Even though this is on a kindergarten blog, the structures are good for any grade. Also, notice the way that she introduces the notebook, the manipulatives and open-ended problems.

Happy Mathing,

Dr. Nicki

P.S. Be sure to see the other posts in this blog on problem solving and word problems.

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More Graphing!

Posted on May 13, 2011. Filed under: Assessment, Elementary math, Graphic Organizers | Tags: , , , , |


These are great graphing activities.  I would make a large graph as a whole class and then have the students do the individual ones.  Remember that a bar graph has 5 parts:  the title, labels for the x and y axis, the categories and the scale.  Make sure that your students fill in the missing parts on these graphs!  Be sure to have your students take the lead in analyzing the data.  Have them comment on their noticings before you ask very direct questions.  Focus on the language…more than, less than, equal to etc…

Happy Mathing,

Dr. Nicki

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Great Math Center Vocabulary Activities!

Posted on May 12, 2011. Filed under: Assessment, Digital Learners, Math Centers, Math is a Language | Tags: , , , , , |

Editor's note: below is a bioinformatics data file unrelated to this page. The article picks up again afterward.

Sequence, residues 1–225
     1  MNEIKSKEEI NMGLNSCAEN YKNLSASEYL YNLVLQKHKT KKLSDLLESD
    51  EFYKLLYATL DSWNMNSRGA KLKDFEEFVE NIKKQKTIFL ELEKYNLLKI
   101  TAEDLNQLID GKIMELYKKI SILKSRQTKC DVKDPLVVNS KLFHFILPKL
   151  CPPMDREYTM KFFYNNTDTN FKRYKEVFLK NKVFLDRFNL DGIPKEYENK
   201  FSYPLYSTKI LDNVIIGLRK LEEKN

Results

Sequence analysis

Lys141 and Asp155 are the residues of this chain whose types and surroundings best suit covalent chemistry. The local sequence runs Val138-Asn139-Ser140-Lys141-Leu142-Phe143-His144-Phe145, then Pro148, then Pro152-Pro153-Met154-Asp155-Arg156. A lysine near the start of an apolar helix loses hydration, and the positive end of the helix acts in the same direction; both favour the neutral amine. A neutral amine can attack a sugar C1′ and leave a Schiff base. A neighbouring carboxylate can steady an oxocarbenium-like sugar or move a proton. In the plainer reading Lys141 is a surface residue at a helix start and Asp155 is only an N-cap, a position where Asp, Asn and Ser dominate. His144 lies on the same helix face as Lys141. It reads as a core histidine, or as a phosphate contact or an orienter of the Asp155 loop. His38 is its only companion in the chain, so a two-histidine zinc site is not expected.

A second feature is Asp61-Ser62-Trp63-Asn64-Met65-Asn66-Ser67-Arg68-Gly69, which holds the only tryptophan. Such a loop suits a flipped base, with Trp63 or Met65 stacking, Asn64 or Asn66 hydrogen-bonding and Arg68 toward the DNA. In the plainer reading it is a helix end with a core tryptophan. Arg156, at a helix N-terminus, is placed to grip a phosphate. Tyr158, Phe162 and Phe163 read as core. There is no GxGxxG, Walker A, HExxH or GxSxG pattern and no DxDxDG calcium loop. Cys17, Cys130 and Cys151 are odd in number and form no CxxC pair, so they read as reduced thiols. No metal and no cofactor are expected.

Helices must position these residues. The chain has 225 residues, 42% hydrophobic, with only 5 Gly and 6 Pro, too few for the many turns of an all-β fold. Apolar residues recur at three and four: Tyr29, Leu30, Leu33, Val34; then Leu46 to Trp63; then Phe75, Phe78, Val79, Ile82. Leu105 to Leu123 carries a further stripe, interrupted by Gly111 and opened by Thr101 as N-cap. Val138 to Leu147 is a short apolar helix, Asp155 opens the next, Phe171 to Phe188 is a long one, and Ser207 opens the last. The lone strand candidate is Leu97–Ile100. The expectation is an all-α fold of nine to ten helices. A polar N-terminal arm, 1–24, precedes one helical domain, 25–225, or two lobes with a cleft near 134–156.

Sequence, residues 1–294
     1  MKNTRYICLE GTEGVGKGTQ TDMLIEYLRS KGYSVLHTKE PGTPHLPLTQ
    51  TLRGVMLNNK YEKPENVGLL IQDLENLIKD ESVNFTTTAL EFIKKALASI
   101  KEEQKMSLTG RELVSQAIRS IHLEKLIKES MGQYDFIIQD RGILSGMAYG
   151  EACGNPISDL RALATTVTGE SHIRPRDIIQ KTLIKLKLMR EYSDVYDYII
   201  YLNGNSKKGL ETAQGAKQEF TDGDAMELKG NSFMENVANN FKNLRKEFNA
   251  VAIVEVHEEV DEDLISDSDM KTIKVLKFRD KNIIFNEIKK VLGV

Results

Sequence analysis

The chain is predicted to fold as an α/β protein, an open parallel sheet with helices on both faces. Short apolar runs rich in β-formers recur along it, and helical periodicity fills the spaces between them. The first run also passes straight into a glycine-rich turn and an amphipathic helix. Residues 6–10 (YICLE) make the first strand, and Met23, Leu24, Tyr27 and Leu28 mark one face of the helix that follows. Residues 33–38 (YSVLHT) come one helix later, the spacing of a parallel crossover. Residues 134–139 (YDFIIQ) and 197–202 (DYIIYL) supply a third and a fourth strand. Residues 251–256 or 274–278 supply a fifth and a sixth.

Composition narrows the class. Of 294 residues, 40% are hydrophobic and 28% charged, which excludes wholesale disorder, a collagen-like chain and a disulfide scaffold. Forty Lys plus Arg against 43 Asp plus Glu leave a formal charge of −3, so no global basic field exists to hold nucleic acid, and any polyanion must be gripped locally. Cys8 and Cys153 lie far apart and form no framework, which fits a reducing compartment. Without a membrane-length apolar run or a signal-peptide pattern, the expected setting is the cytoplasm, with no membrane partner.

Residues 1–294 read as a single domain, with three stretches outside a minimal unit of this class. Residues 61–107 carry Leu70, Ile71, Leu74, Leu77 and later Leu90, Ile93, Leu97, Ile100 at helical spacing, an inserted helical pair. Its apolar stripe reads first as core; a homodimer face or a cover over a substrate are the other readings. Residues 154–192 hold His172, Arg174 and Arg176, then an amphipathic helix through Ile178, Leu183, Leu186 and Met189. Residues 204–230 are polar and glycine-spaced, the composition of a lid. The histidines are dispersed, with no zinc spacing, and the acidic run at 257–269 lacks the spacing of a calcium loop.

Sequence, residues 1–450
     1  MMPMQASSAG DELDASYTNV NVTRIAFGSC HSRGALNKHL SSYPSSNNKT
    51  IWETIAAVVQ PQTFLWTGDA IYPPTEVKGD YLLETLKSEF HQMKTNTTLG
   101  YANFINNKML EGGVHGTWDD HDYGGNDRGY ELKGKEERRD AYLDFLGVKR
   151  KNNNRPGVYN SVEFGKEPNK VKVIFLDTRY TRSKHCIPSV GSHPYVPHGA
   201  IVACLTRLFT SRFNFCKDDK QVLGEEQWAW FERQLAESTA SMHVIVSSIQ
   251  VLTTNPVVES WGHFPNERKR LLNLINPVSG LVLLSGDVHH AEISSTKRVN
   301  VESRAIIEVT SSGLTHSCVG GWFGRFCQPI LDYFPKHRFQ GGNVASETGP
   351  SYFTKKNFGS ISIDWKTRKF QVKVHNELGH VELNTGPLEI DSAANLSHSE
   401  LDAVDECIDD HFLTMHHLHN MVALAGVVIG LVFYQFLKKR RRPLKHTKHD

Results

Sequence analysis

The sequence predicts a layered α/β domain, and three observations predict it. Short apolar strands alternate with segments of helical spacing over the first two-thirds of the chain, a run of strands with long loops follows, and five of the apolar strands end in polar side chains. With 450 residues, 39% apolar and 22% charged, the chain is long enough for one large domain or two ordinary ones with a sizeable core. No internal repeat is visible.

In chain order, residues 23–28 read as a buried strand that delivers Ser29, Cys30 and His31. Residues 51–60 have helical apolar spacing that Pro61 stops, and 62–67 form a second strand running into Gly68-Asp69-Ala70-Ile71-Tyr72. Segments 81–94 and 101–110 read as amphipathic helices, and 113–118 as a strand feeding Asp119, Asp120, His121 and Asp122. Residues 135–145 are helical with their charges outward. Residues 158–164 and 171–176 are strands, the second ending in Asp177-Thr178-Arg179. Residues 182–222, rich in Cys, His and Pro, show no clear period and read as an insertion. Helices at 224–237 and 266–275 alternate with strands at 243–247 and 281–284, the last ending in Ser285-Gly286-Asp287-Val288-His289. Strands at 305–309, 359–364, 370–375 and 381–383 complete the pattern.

Here is a great site that has tons of math vocabulary by grade level.  The vocabulary is divided into different categories like algebraic thinking and geometry.  Under each category students can take a spelling test, a vocabulary test, play teach me games and flash cards.  Check it out.  It would be a great math center activity.

Happy Mathing,

Dr. Nicki

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Great Balanced Assessment Tasks

Posted on May 11, 2011. Filed under: Assessment | Tags: , , , |


Here are some really rich assessment tasks  developed for elementary through secondary students.   They were developed by a core group of universities funded by an NSF grant in 1993, with Harvard as the lead project team.  They have been translated and used world wide.   The project stated that these tasks were to:

  • Help students become proficient in demonstrating their mathematical knowledge through developing their critical thinking and mathematical actions. These actions include the ability to conceptualize or model a problem, to do the necessary mathematical calculations or transformations, to recognize and generalize results, and to communicate their solutions and understanding of the concepts.